Just a day before he was killed in the train accident in Aurangabad, 28-year-old Brajesh Singh had informed his father that he would be reaching their village by a special train soon.
For Gajraj Singh, a resident of Antoli village in Madhya Pradesh's Shahdol district, that phone call was the last conversation he had with his sons Brajesh and Shivdayal (25).
Bodies of the two brothers, along with those of 14 other labourers, would be reaching their village on Saturday.
At least 16 labourers, who were travelling to their home state Madhya Pradesh on foot, were mowed down by a goods train while they were sleeping on tracks near Karmad station in Maharashtra's Aurangabad district early morning on Friday.
"Only a day before the mishap, my sons informed me that they had left on foot to board a train from Maharashtra and will reach Shahdol soon. They told me that they would sit in the train on Friday. But instead of my sons, the news of their death has reached me," Gajraj Singh told PTI over phone.
A pall of gloom descended the home of Antoli resident Ramniranjan Singh, who lost his young sons, who were barely out of their teens.
"I have lost my support system and now I don't know how I will live," Ramniranjan, father of Nirvesh Singh (20) and Ravendra Singh (18), said.
Senior officials and Beohari MLA Sharad Kol, among others, reached the village to help the grief-stricken families.
"We will probably hold a common funeral for the deceased from the village. The district administration has sanctioned Rs 10,000 each for the purpose," an official said.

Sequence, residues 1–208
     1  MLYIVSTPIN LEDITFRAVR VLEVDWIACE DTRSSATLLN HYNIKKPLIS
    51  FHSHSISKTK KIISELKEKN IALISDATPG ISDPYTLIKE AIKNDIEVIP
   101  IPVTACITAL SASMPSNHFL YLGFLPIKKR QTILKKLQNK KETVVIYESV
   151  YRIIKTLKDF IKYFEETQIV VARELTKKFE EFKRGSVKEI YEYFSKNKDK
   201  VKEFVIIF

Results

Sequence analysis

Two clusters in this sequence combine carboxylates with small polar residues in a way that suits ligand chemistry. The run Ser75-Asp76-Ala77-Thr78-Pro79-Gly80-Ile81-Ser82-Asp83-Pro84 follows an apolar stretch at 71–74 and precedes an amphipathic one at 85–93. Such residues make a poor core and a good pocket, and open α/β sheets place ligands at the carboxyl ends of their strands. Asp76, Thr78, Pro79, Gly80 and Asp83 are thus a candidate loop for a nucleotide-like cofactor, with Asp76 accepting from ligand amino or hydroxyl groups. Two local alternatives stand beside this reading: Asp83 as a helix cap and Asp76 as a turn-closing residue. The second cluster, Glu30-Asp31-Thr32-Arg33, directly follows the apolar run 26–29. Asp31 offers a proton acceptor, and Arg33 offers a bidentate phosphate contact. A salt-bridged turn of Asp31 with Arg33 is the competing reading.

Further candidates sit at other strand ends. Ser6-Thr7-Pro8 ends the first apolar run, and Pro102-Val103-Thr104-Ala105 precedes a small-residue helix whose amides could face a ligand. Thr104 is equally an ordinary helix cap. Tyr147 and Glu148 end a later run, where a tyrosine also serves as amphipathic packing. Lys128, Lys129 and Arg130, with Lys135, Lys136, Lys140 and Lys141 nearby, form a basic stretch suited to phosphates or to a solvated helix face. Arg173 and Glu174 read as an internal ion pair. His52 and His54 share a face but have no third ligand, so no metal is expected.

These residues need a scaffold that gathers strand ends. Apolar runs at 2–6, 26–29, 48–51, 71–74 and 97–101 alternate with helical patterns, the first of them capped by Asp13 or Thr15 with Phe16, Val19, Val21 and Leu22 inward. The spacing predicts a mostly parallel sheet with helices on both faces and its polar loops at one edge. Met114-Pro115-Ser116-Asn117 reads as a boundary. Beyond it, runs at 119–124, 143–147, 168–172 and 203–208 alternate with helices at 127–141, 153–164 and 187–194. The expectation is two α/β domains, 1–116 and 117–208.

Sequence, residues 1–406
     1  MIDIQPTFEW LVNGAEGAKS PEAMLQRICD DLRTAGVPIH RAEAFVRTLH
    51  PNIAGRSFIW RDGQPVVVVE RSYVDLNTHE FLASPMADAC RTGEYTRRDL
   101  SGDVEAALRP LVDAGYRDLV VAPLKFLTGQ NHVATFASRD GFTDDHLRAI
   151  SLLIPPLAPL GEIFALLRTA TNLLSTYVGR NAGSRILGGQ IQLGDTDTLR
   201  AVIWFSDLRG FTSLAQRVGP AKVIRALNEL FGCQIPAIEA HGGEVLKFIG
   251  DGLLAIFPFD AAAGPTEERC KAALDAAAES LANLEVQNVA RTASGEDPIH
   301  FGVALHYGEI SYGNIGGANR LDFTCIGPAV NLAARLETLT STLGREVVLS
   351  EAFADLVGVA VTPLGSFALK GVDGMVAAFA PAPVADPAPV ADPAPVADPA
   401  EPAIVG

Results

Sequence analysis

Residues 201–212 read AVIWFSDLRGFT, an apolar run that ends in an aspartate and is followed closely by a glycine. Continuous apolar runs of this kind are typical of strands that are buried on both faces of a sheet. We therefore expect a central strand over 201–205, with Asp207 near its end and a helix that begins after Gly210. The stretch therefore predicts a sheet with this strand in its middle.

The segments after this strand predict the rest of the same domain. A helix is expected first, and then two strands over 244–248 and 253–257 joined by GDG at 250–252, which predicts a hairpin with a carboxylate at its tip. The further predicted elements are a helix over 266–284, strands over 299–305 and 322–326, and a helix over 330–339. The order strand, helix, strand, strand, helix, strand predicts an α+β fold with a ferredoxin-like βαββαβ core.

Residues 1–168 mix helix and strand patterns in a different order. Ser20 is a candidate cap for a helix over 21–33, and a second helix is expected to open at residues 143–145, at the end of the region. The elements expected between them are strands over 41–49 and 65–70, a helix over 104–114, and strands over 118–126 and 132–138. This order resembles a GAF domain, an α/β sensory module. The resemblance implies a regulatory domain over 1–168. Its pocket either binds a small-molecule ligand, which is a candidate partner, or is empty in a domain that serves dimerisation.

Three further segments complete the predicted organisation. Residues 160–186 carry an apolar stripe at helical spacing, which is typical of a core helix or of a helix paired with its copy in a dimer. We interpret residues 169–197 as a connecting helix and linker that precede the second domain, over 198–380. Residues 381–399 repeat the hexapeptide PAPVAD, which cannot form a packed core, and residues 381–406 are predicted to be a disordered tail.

Meanwhile, Shahdol station manager KP Gupta said the train carrying bodies of the deceased was likely to reach Shahdol around 1 pm.
Of the 16 victims, five belonged to Umaria and 11 were from Shahdol district.
"The train coach carrying the bodies of the labourers killed will be detached from the train at Jabalpur and arrangements have been made to take the coach to Umaria and Shahdol," Western Central Railway's chief public relation officer Priyanka Dixit told PTI.
The labourers, working in a steel factory in Jalna, had left for their home state on foot on Thursday night and slept on tracks near Karmad as they were tired, a police official said, adding that three of the four survivors escaped unhurt, as they rested some distance away from the tracks.
Migrant workers, rendered jobless due to the coronavirus-enforced lockdown and desperate to go to their native places, were walking along the rail tracks apparently to escape police attention.